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On Friday 29th January Greg Meylan and I took a trip up the Jura Mountains to the north of Geneva for a days skiing while the kids were at School. The days was mostly rather misty and thanks to the unseasonably warm weather the snow was thin and wet. However in the hour before we left  the mountain cleared and we got some decent fast runs in and views of Mt Blanc above the clouds to the south over the city of Geneva.
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Croagh Patrick is known as the Holy Mountain of Ireland. Last year in July 25,000 people climbed it, some in bare feet to take part in the "Reek Sunday" pilgrimage. Which is remarkable because it is no easy feat to climb it. 

Waking in Westport a Texan chap at breakfast asked us if we had seen snow on the mountain. We hadn't and he took us the window and pointed to a peak in the distance which reminded us immediately of Ben Ohau in winter. At 764 meters it is roughly half the height of Ben Ohau but as you start from sea level the climb is similar in magnitude as are the views.

I was a bit skeptical about the plan which was suggested by our B&B host David. Partly because it was about 4 degrees and I have become accustomed to the Atlantic Sea throwing bringing in some pretty torential rains from the west. However as we reached the bottom the summit was clear and the skies appeared to be clearing too. Moreover there were a bunch of hardy types setting off for the summit and the sign said it was a 3.5 hour round trip. So we decided it worth a crack.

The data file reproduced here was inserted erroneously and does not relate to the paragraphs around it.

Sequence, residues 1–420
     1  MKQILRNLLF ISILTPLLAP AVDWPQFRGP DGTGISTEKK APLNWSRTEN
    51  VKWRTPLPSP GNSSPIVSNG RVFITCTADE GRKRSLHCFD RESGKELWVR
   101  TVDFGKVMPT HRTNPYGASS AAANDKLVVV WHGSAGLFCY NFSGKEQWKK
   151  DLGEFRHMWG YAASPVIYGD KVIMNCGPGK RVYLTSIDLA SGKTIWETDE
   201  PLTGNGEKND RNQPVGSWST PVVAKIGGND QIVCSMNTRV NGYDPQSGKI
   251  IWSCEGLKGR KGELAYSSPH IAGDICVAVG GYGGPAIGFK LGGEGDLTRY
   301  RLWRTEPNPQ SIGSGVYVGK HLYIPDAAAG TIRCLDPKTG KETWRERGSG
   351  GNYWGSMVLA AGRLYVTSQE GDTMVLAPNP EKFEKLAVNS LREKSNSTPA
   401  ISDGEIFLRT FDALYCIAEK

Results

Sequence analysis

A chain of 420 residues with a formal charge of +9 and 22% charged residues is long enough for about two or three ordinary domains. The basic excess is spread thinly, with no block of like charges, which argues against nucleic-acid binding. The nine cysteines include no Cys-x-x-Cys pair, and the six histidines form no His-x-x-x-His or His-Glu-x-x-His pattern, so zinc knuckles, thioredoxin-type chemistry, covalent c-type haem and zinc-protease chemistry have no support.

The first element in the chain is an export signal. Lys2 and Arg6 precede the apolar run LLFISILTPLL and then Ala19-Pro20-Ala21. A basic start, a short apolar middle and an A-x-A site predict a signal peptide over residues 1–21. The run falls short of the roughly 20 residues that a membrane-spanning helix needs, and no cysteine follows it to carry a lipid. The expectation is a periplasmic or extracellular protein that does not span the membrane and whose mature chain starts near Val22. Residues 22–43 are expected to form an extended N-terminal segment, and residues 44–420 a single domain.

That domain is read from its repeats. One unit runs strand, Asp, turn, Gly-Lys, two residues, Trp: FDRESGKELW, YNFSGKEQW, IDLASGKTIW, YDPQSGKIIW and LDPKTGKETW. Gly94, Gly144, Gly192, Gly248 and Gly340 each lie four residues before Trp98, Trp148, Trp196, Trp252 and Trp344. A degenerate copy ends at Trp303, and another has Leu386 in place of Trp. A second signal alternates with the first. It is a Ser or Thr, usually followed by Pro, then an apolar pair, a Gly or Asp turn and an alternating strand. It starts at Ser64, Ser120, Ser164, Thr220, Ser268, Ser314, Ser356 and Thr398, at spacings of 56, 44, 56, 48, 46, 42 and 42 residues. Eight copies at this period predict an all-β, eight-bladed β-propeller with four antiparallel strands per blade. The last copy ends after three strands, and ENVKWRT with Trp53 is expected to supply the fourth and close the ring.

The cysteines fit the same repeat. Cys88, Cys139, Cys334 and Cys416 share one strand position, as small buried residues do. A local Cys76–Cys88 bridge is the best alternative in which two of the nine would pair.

And it was most certainly worth it. the path is steep and strewn with bolders. No attempt appears to have been made to make it safe for the pilgrims, some of whom climb it in bare feet - admittedly in July. But even so it is hard to imagine that their feet are able to still be walked on once they return.

In addition to the hardy Irish regulars there were a couple of other visitors, one dressed as a wizard with a girlfriend with red hair, we passed them on the way up but were passed by most of the locals, some of whom told us they had climbed it 20 times or more.

The snow-covering at the top was special and unusual and that and the clear skies had probably attracted more than the usual Sunday crowd. The pilgrimage however takes place in whatever the weather happens to be and nothing seems to deter the crowds.